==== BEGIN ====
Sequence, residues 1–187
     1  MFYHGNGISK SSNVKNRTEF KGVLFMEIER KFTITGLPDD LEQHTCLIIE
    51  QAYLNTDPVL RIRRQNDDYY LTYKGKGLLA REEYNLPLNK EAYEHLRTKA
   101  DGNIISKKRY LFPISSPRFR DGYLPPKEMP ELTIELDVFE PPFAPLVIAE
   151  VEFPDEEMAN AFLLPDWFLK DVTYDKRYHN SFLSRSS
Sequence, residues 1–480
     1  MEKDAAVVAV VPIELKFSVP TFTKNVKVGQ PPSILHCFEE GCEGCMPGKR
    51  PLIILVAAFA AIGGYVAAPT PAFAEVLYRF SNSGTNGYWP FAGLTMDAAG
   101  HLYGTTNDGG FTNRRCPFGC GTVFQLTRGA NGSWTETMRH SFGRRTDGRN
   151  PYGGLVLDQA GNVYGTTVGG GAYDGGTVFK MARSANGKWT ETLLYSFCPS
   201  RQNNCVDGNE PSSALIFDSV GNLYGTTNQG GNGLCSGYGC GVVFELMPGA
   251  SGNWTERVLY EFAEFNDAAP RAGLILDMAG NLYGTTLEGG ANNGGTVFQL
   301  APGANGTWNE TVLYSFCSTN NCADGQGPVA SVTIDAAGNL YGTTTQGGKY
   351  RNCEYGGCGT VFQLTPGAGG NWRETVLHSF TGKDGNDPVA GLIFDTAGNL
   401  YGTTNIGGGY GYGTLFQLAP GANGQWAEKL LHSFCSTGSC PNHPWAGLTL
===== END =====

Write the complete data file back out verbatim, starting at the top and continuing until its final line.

Sequence, residues 1–187
     1  MFYHGNGISK SSNVKNRTEF KGVLFMEIER KFTITGLPDD LEQHTCLIIE
    51  QAYLNTDPVL RIRRQNDDYY LTYKGKGLLA REEYNLPLNK EAYEHLRTKA
   101  DGNIISKKRY LFPISSPRFR DGYLPPKEMP ELTIELDVFE PPFAPLVIAE
   151  VEFPDEEMAN AFLLPDWFLK DVTYDKRYHN SFLSRSS
Sequence, residues 1–480
     1  MEKDAAVVAV VPIELKFSVP TFTKNVKVGQ PPSILHCFEE GCEGCMPGKR
    51  PLIILVAAFA AIGGYVAAPT PAFAEVLYRF SNSGTNGYWP FAGLTMDAAG
   101  HLYGTTNDGG FTNRRCPFGC GTVFQLTRGA NGSWTETMRH SFGRRTDGRN
   151  PYGGLVLDQA GNVYGTTVGG GAYDGGTVFK MARSANGKWT ETLLYSFCPS
   201  RQNNCVDGNE PSSALIFDSV GNLYGTTNQG GNGLCSGYGC GVVFELMPGA
   251  SGNWTERVLY EFAEFNDAAP RAGLILDMAG NLYGTTLEGG ANNGGTVFQL
   301  APGANGTWNE TVLYSFCSTN NCADGQGPVA SVTIDAAGNL YGTTTQGGKY
   351  RNCEYGGCGT VFQLTPGAGG NWRETVLHSF TGKDGNDPVA GLIFDTAGNL
   401  YGTTNIGGGY GYGTLFQLAP GANGQWAEKL LHSFCSTGSC PNHPWAGLTL